The results are in and on average you told us you sleep 6 to 8 hours a night. So how does that stack up to expert recommendations? And what does this mean for your overall health?
Sleep is known as the third pillar of health and is integral to maintaining a state of holistic wellbeing. We spend up to one-third of our lives sleeping, and the overall state of our “sleep health” remains a priority throughout our lifespan and changes at different stages of our life.
So, how much sleep do I actually need?
This all depends on what stage of life you are in. Our needs change as we grow and in turn, so does the amount of sleep we need.
Here is a summary of the latest sleep recommendations across your lifespan. The advice in the table below is purely to be used as a guide, however if you find yourself sleeping considerably more, or considerably less this could be due to underlying health issues.
You can make a good guess if a person is sleeping enough at night by observing how they act and function during the day! Those lacking in sleep are often irritable, unmotivated or left feeling sluggish. It’s also important we don’t oversleep as oversleeping comes with it’s own complications. Here’s our guide to the amount of sleep you need at each stage of life:
Newborns (0-3 months ): 14-17 hours each day (previously it was 12-18)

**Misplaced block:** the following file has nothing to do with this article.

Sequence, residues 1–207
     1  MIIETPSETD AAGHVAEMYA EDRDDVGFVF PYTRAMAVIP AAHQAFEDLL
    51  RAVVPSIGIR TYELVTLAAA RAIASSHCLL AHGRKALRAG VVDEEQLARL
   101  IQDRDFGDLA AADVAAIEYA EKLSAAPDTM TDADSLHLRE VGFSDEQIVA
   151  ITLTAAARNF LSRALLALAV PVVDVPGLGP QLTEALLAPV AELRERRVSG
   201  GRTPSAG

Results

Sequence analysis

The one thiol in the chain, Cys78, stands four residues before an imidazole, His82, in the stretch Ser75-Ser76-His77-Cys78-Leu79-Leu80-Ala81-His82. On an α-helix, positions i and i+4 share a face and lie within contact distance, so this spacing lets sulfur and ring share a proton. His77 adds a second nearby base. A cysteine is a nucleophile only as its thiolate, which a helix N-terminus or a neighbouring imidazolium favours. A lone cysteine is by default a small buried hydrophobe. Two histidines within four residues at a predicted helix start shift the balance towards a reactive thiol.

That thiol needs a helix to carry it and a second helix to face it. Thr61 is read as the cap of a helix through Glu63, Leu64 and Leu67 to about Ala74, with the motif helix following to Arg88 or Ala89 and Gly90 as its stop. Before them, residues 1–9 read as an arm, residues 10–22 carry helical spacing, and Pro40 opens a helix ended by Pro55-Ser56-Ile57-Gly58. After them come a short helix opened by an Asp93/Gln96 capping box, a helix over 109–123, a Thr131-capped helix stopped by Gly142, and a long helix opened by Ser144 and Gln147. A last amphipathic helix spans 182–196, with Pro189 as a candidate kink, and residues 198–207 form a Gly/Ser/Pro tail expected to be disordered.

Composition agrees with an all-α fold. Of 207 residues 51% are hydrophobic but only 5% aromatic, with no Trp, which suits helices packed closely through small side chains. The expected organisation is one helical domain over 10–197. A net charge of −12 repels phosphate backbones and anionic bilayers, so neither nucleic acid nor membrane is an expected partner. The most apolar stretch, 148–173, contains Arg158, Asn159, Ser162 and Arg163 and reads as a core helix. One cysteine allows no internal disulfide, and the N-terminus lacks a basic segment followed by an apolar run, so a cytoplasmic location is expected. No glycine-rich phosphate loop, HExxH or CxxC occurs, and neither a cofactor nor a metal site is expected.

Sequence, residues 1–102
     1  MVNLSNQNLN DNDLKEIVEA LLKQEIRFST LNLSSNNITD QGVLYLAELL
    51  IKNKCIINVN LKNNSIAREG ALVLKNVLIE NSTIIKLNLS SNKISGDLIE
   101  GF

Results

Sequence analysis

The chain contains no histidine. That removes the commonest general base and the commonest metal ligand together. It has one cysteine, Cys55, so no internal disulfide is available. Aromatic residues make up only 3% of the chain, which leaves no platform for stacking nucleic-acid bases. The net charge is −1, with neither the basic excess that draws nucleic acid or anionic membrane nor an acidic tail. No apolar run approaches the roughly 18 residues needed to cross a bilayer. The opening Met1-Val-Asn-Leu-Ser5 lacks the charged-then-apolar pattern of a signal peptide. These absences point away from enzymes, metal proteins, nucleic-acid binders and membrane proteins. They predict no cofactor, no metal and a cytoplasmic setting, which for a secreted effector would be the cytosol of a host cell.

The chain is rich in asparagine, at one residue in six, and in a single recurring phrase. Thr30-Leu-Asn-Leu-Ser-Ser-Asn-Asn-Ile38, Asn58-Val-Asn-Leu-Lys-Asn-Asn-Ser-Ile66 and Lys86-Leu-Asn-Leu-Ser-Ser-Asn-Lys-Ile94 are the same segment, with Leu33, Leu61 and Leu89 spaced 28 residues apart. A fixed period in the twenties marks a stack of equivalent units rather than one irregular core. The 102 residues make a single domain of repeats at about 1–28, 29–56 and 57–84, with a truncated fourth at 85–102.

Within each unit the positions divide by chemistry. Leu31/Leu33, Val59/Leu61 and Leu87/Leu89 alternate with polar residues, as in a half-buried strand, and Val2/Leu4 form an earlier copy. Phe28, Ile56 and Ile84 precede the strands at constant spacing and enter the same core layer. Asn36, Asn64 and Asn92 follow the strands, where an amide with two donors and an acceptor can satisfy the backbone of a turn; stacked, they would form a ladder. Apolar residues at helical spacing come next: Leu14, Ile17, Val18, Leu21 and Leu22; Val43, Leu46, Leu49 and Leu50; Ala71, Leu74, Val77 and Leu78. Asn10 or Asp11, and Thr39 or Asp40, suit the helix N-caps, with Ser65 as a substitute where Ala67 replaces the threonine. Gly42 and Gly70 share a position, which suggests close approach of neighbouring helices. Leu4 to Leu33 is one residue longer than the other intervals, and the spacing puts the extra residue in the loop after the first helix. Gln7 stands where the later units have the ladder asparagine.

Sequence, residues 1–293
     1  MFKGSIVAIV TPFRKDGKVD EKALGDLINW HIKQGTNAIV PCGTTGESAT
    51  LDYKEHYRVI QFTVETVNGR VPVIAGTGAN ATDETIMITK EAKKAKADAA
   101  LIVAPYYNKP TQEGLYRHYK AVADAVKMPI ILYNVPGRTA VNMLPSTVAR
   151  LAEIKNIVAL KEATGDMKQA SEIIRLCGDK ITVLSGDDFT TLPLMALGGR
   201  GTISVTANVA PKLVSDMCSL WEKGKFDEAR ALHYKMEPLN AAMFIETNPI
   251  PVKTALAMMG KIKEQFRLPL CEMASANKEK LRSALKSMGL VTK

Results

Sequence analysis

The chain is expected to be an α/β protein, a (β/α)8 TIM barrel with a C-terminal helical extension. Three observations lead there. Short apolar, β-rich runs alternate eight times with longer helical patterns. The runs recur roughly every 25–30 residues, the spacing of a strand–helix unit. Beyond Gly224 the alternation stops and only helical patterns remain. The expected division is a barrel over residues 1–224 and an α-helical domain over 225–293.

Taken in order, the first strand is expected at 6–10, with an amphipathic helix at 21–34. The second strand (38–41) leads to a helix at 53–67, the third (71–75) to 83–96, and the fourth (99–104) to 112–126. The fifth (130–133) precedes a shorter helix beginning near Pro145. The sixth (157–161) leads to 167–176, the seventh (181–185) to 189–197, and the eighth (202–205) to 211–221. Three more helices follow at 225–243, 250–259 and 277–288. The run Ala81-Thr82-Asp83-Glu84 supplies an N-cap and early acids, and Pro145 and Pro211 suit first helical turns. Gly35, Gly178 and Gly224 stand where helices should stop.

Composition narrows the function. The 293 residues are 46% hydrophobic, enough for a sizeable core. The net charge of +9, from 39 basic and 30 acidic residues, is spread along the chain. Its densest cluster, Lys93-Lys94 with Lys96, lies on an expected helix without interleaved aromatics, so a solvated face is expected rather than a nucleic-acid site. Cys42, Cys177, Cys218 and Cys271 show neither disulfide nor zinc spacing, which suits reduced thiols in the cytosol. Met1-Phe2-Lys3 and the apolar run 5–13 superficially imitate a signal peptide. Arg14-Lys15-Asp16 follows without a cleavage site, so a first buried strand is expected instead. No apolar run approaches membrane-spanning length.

Infants (4-11 months): 12-15 hours (previously it was 14-15)
Toddlers (1-2 years): 11-14 hours (previously it was 12-14)
Preschoolers (3-5): 10-13 hours (previously it was 11-13)
School age children (6-13): 9-11 hours (previously it was 10-11)
Teenagers (14-17): 8-10 hours (previously it was 8.5-9.5)
Younger adults (18-25): 7-9 hours (new age category)
Adults (26-64): 7-9 hours.
Older adults (65+): 7-8 hours (new age category).
You can help achieve these sleep ranges by maintaining good sleep hygiene. These habits include setting and sticking to a regular bedtime and avoiding caffeine, sugar and electronic devices before sleep.
Other lifestyle adjustments that may help improve your sleep include:
- Exercise every day, but not close to bedtime and try not to overheat yourself – your body needs time to wind down.
- Try not to engage in mentally stimulating activities close to bedtime. Use the last hour or so before sleep to relax your mind.
- Avoid afternoon naps.
- Try a warm, milky drink, since milk contains a sleep-enhancing amino acid.
- Take a warm bath.
- Turn your alarm clock to the wall. Watching the minutes tick by is a sure way to keep yourself awake.
- If you can’t fall asleep within a reasonable amount of time, get out of bed and do something else for half an hour or so, such as reading a book.